Endovascular Treatment of Aortic Arch Lesions Using Scalloped Endografts
To present our early and midterm results using thoracic endovascular aortic repair (TEVAR) with a custom-made proximal scalloped stent graft to accommodate left common carotid artery (LCCA) and innominate artery (IA) in treating aortic lesions involving the arch.Materials and Methods:
Between February 2014 and April 2017, select patients presenting with aortic arch lesions and short proximal landing zone were treated by proximal scalloped Relay Plus stent grafts. Patient demographics, operative details, clinical outcomes, and complications were analyzed.Results:
Six patients (50% male) with a median age of 71 years (range, 60-82) underwent scalloped TEVAR using thoracic custom-made Relay Plus stent graft to preserve flow in the proximal supra-aortic trunks. Target vessels for the scallop were LCCA in 5 cases and IA in 1 case. The technical success rate was 100%, and proximal seal was achieved in all cases with no type I endoleaks on completion angiography. The median follow-up period was 20 (7-32) months. No conversion to open surgical repair and no aortic rupture occurred. One patient had a distal type I endoleak on the 6-month computed tomography (CT) scan, and 1 patient had a proximal type I endoleak on the 12-month CT scan. There was no stroke, paraplegia, retrograde type A dissection, or other aortic-related complication. We routinely used temporary rapid right ventricular pacing to obtain a near-zero blood pressure level during the graft deployment. No complications were observed related to the use of rapid pacing.Conclusion:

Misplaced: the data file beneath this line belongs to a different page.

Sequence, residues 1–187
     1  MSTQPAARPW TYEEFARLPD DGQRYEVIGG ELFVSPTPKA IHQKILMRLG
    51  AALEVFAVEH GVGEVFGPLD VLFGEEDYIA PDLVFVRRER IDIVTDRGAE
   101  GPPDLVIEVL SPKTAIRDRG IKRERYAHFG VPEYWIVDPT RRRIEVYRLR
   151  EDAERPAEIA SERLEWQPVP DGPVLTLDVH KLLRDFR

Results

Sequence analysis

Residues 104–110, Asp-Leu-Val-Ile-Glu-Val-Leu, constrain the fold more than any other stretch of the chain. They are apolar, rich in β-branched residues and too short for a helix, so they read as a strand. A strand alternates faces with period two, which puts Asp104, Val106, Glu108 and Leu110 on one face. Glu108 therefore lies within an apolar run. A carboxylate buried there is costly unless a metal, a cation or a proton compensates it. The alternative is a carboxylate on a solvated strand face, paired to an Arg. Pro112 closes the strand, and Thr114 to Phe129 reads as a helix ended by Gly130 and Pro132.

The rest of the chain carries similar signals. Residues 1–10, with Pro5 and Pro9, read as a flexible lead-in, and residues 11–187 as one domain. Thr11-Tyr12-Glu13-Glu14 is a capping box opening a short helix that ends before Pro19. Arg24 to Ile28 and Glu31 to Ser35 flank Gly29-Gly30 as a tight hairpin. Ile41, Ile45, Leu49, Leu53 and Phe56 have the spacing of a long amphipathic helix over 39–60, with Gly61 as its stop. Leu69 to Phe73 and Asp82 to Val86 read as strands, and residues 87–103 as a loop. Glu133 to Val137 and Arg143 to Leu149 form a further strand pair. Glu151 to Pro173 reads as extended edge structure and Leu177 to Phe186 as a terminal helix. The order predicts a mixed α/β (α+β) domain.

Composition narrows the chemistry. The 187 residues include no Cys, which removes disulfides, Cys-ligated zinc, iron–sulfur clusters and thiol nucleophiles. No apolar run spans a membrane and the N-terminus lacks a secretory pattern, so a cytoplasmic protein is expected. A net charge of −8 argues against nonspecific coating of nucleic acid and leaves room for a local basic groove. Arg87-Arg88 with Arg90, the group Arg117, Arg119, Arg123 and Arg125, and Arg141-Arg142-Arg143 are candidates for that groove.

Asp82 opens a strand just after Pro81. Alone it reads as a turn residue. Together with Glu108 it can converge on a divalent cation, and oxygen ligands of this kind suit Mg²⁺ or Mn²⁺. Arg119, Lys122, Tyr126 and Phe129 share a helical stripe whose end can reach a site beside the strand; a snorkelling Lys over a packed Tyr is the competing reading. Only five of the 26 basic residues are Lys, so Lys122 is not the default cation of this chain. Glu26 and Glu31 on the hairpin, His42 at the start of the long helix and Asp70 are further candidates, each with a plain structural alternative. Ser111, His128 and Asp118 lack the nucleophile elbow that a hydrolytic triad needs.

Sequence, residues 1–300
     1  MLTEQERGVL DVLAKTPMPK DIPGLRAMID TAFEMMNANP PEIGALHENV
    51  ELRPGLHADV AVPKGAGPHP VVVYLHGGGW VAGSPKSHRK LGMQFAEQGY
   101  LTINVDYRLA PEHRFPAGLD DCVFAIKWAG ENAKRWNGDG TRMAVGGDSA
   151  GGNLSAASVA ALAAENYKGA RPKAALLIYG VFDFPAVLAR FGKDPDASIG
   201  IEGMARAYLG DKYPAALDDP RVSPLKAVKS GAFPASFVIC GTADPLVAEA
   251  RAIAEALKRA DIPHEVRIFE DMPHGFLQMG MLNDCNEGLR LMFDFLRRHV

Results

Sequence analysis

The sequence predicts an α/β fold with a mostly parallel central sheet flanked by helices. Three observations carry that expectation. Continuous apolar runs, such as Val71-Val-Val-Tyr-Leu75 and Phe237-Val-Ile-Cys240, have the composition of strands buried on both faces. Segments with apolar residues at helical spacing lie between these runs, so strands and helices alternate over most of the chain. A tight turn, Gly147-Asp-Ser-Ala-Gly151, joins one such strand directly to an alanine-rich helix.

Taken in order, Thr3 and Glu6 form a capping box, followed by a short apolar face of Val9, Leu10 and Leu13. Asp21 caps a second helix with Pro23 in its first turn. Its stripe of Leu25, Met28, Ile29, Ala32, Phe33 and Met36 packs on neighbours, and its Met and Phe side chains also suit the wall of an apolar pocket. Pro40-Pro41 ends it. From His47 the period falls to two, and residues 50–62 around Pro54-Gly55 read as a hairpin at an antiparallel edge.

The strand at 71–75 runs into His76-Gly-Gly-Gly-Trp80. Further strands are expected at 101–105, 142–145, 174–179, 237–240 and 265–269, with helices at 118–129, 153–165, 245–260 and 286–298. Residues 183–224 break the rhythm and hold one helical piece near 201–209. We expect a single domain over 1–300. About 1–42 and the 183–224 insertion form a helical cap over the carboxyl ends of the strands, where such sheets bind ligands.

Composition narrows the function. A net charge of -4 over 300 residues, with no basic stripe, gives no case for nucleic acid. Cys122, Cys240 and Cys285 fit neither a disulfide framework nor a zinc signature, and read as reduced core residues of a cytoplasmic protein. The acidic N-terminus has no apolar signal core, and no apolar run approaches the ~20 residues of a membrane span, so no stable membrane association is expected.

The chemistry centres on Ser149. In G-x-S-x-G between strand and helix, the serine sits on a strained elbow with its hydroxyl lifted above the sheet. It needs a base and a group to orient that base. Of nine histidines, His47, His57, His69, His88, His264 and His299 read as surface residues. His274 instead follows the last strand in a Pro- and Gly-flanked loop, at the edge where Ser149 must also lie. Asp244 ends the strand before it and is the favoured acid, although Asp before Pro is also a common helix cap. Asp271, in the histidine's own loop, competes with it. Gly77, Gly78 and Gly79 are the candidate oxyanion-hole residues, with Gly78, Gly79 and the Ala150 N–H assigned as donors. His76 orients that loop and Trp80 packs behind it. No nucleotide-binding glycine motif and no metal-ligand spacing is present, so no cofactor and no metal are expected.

When anatomy allows, proximal scalloped stent graft to accommodate LCCA and IA is a viable therapeutic option in treating aortic lesions involving the arch with short proximal landing zones. In addition, these findings represent a strong argument for the use of temporary rapid pacing during graft deployment.